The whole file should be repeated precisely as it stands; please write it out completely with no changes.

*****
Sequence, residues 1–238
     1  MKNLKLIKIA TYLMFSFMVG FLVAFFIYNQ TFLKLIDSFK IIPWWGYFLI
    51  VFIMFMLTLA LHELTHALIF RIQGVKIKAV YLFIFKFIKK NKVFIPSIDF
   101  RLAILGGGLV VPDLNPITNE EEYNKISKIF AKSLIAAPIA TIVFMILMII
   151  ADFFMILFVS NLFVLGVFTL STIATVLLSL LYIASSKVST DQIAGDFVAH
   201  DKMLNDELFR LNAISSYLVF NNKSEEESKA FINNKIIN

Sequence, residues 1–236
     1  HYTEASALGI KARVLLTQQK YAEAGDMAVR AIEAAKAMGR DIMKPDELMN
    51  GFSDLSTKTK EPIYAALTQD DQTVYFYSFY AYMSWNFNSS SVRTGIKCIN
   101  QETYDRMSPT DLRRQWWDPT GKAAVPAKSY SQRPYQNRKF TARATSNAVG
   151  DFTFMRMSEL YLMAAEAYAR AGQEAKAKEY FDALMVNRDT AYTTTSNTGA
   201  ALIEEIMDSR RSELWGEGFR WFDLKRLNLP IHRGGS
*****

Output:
Sequence, residues 1–238
     1  MKNLKLIKIA TYLMFSFMVG FLVAFFIYNQ TFLKLIDSFK IIPWWGYFLI
    51  VFIMFMLTLA LHELTHALIF RIQGVKIKAV YLFIFKFIKK NKVFIPSIDF
   101  RLAILGGGLV VPDLNPITNE EEYNKISKIF AKSLIAAPIA TIVFMILMII
   151  ADFFMILFVS NLFVLGVFTL STIATVLLSL LYIASSKVST DQIAGDFVAH
   201  DKMLNDELFR LNAISSYLVF NNKSEEESKA FINNKIIN

Sequence, residues 1–236
     1  HYTEASALGI KARVLLTQQK YAEAGDMAVR AIEAAKAMGR DIMKPDELMN
    51  GFSDLSTKTK EPIYAALTQD DQTVYFYSFY AYMSWNFNSS SVRTGIKCIN
   101  QETYDRMSPT DLRRQWWDPT GKAAVPAKSY SQRPYQNRKF TARATSNAVG
   151  DFTFMRMSEL YLMAAEAYAR AGQEAKAKEY FDALMVNRDT AYTTTSNTGA
   201  ALIEEIMDSR RSELWGEGFR WFDLKRLNLP IHRGGS